Nottingham-born bassist Mark Lewandowski left the UK for New York at the invitation of Wynton Marsalis in mid-2017 to join the Juilliard Artist Diploma Ensemble, a group of six jazz musicians, the majority of whom had travelled to New York from overseas. Two years following this course, Lewandowski has stayed in the US and now busy working in a variety of different contexts.
Recent collaborations include Marsalis, Joe Chambers, Dave Liebman, Billy Drummond along with regular appearances at venues such as Smalls Jazz Club, notably with pianist, vocalist and much-beloved NYC institution Johnny O’Neal’s trio.
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He has a new album with the title “Under One Sky”, with pianist Addison Frei (one of his fellow cohort from the Juilliard Artist Diploma Ensemble), and Washington D.C born drummer Kush Abadey.
Whereas Mark’s previous album Waller, with Liam Noble and Paul Clarvis was made up of Fats Waller tunes, “Under One Sky” consists – with one partial exception (*) – of original compositions. Interview by Sebastian Scotney
LondonJazz News: You have been in New York just over four years, is it now “home”?
Mark Lewandowski: Now that’s a difficult question! It’s taken a while to get to this point, but honestly speaking I’d now say that I ‘feel at home’ here in New York. Of course I’m settled here now, I rent an apartment; have a US cell (sorry) number, a bank account. My dog is here, as is my wife. I occasionally say ‘pants’ instead of ‘trousers’. Practically speaking, I guess it very much is home right now. I haven’t passed the ‘New Yorker’ test yet though. I think they say that takes living in the city for over a decade.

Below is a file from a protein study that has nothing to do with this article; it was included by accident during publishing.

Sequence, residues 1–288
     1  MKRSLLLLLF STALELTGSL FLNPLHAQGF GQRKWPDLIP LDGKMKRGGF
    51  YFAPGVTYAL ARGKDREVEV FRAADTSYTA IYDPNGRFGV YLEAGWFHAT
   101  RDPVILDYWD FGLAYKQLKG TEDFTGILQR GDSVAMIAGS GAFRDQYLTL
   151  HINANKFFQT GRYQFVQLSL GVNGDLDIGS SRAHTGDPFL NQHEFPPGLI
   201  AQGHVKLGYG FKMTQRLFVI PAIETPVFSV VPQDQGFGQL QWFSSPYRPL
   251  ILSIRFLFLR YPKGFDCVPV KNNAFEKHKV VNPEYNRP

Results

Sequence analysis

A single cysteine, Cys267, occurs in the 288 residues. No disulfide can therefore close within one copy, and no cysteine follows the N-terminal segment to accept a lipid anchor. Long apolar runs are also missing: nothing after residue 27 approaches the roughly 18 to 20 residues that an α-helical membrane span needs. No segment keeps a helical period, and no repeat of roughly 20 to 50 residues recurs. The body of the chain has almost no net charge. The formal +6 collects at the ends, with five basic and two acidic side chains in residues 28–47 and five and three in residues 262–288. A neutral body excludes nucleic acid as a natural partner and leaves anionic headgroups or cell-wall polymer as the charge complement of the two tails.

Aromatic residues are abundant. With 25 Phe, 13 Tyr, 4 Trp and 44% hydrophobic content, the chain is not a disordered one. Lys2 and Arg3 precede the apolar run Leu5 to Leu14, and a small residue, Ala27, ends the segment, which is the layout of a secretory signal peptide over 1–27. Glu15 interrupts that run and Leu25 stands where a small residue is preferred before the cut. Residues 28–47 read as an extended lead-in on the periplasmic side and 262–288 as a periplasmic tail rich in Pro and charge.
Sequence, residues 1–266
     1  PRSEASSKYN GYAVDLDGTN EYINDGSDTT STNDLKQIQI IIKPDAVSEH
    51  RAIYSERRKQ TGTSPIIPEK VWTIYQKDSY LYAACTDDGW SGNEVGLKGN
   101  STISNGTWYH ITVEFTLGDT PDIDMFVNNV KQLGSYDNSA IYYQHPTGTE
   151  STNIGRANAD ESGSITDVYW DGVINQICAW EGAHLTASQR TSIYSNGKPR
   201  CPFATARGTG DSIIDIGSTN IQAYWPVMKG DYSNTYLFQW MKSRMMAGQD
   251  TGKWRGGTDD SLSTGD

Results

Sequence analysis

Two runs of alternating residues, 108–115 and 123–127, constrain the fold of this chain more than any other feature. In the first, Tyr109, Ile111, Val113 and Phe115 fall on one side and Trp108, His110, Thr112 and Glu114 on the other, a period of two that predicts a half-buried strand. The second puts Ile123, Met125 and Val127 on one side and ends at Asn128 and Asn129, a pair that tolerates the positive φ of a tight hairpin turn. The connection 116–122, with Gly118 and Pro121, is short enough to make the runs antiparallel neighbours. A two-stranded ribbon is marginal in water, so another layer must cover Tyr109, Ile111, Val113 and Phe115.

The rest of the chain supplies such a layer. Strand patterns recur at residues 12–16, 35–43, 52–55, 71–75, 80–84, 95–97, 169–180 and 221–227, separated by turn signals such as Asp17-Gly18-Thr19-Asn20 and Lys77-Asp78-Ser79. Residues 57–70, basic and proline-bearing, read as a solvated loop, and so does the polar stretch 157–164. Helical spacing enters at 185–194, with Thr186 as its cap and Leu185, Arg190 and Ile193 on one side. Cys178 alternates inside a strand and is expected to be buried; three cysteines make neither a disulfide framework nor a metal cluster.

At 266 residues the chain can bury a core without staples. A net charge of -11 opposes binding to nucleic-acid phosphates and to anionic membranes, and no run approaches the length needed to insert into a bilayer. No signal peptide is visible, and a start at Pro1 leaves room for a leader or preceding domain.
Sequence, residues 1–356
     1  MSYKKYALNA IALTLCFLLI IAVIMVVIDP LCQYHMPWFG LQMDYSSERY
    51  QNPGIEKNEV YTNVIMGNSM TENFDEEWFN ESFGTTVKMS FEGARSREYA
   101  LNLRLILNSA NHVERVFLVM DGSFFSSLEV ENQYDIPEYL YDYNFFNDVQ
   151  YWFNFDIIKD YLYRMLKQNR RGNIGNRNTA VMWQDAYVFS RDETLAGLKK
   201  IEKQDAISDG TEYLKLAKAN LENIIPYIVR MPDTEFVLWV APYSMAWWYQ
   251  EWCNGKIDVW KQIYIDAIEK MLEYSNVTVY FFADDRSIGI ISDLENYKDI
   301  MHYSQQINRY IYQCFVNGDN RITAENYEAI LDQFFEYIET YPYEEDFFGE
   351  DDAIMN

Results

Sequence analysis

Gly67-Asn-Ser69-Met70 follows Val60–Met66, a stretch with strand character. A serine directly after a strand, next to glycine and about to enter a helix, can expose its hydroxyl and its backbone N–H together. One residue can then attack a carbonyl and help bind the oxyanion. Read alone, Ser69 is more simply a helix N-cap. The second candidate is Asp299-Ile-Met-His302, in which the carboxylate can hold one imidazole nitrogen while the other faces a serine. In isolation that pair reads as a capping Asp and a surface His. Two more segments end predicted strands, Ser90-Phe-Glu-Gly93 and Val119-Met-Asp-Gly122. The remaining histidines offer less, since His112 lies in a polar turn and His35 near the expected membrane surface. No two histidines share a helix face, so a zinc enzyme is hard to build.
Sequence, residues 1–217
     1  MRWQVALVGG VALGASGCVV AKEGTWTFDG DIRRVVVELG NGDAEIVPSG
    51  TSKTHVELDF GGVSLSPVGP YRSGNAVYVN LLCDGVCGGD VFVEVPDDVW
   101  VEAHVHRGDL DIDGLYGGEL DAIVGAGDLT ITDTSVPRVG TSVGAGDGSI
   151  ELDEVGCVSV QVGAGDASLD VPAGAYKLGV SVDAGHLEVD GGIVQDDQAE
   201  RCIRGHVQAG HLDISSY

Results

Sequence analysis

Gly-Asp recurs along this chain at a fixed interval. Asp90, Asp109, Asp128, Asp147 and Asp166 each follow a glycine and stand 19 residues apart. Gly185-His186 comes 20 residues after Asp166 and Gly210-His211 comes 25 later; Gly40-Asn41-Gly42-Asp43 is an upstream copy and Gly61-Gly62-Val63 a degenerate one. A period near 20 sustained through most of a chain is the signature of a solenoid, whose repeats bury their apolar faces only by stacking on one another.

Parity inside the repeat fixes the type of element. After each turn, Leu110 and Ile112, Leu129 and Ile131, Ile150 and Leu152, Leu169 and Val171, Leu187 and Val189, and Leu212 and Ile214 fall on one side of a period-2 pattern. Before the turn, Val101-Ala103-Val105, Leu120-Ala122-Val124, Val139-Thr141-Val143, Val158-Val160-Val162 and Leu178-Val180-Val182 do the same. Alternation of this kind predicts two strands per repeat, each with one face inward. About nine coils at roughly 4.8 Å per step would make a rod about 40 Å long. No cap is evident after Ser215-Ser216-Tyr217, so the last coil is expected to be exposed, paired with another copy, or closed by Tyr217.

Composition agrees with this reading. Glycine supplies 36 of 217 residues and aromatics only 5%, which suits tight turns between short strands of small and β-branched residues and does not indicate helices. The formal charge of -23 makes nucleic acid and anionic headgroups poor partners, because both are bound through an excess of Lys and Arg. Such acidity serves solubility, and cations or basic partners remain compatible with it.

One thing I’m sure of is that I really love it here. I’m constantly inspired by the place, the people and the music. I life in Midtown Manhattan so the second I walk out of my front door I’m swept away in this whirling, frantic rhythm of life here. If I stay here I’m sure I’ll get to the same place as I did with Nottingham when I moved to London. It took a few years of living in London, but eventually the latter took over as where I identified my home to be. Of course I’m incredibly proud to come from the UK, especially as a musician from such a wonderful scene as London. It’s strange – over here there’s a kind of exoticism to being British! I wasn’t aware of it across the pond, but people genuinely thing it’s really cool. I guess Americans get the same treatment in the UK. The grass is greener and all of that.